The new system applies to variants of concern – the most troubling of which four are in circulation – and the second-level variants of interest being tracked.
“They will not replace existing scientific names, but are aimed to help in public discussion,” said Maria Van Kerkhove, the WHO’s COVID-19 technical lead.
Under the new system, the variants of concern take on the following names: the hitherto so-called British variant B.1.1.7 becomes Alpha; the B.1.351 first discovered in South Africa becomes Beta, while the Brazilian P.1 becomes Gamma.
The so-called Indian variant B.1.617 is split into sub-lineages, of which the B.1.617.2 variant of concern becomes Delta.
The B.1.617.1 variant of interest is called Kappa.
Besides these names, there are two other scientific names in use for each mutation, while different geographic names have been used to describe the same variant.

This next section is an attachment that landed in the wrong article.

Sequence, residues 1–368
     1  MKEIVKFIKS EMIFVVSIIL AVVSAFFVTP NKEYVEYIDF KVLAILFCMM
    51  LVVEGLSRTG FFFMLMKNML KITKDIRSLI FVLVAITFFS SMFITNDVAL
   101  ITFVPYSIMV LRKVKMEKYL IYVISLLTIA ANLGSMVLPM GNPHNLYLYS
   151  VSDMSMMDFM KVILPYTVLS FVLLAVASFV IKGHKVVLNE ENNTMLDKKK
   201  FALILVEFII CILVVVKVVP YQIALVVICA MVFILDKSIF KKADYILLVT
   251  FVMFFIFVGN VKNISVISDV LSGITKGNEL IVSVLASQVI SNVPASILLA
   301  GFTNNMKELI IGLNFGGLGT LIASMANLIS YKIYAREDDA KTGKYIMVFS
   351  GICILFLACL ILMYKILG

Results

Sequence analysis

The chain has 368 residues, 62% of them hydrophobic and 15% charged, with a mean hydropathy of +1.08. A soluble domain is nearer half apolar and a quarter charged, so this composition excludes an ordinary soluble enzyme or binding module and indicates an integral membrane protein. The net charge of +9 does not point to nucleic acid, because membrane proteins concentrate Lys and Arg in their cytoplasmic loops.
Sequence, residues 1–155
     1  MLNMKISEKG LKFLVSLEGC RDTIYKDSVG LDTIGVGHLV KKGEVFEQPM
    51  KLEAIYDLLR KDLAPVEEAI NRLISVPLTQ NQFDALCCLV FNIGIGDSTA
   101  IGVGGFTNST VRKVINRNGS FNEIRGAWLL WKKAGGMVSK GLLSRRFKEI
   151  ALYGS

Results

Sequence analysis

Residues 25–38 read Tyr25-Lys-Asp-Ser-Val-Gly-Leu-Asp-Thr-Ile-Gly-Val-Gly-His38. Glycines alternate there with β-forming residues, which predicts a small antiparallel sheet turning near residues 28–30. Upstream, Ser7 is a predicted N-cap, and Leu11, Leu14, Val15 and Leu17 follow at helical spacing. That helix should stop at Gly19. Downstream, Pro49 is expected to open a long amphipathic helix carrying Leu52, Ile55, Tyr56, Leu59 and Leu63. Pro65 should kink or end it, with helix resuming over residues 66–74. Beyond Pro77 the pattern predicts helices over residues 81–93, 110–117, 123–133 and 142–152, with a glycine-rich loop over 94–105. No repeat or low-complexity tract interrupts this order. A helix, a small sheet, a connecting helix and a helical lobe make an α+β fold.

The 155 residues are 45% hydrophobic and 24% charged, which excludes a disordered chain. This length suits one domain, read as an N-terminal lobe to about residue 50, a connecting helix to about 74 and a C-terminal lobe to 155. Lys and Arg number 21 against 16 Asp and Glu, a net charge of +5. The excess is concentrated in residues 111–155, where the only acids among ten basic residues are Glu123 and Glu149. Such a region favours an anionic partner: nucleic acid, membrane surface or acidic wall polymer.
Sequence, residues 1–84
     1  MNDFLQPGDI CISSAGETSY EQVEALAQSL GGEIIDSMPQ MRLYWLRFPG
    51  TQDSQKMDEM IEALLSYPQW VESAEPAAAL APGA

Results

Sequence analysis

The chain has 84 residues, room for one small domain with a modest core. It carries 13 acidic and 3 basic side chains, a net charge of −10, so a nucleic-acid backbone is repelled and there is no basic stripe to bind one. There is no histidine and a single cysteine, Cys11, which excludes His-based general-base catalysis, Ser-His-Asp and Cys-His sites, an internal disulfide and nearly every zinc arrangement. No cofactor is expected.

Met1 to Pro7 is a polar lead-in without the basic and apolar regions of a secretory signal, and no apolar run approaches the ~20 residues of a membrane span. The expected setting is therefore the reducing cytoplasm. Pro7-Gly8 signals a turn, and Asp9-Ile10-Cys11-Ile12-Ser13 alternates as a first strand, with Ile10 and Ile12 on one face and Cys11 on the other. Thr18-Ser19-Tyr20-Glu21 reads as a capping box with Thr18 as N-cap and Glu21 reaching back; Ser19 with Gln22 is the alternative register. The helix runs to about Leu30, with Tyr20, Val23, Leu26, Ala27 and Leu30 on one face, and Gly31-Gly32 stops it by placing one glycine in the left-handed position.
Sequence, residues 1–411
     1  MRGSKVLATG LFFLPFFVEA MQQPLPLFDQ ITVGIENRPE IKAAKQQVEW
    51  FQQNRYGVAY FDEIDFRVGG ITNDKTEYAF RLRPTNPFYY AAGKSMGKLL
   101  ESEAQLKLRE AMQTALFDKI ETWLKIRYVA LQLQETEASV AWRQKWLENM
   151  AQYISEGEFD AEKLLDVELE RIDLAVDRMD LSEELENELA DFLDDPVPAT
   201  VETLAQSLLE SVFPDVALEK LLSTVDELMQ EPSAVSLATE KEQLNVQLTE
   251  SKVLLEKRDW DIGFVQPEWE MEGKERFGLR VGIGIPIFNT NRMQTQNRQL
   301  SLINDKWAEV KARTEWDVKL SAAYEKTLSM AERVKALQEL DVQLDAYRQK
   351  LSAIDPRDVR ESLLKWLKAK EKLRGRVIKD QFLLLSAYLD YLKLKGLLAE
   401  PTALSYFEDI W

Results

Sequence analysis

For example, within Britain, what other countries have been referring to as the British variant is often called the Kent variant – the county in southeast England where it was first discovered.
The lineage names such as B.188.8.131.52 will still continue to be used in scientific circles, for the mutation information that their name conveys.
Stigmatizing and discriminatory
“While they have their advantages, these scientific names can be difficult to say and recall, and are prone to misreporting,” the WHO said in a statement.
“As a result, people often resort to calling variants by the places where they are detected, which is stigmatizing and discriminatory.
“To avoid this and to simplify public communications, WHO encourages national authorities, media outlets and others to adopt these new labels.”
No country should be stigmatized for detecting and reporting variants.
Globally, we need robust surveillance for variants, incl epi, molecular and sequencing to be carried out and shared. We need to continue to do all we can to reduce the spread of SARS-CoV-2#COVID19@WHO